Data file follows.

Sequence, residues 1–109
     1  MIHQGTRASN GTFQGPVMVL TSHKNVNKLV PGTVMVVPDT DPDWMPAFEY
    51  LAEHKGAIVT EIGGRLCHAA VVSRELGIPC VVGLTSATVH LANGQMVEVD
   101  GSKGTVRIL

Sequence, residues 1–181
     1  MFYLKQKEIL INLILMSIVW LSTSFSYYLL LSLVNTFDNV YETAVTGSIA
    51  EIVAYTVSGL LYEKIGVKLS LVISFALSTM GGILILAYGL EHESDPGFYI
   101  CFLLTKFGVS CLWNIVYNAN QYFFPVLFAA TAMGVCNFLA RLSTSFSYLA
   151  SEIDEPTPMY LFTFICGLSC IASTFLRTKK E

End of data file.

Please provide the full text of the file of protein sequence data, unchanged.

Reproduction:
Sequence, residues 1–109
     1  MIHQGTRASN GTFQGPVMVL TSHKNVNKLV PGTVMVVPDT DPDWMPAFEY
    51  LAEHKGAIVT EIGGRLCHAA VVSRELGIPC VVGLTSATVH LANGQMVEVD
   101  GSKGTVRIL

Sequence, residues 1–181
     1  MFYLKQKEIL INLILMSIVW LSTSFSYYLL LSLVNTFDNV YETAVTGSIA
    51  EIVAYTVSGL LYEKIGVKLS LVISFALSTM GGILILAYGL EHESDPGFYI
   101  CFLLTKFGVS CLWNIVYNAN QYFFPVLFAA TAMGVCNFLA RLSTSFSYLA
   151  SEIDEPTPMY LFTFICGLSC IASTFLRTKK E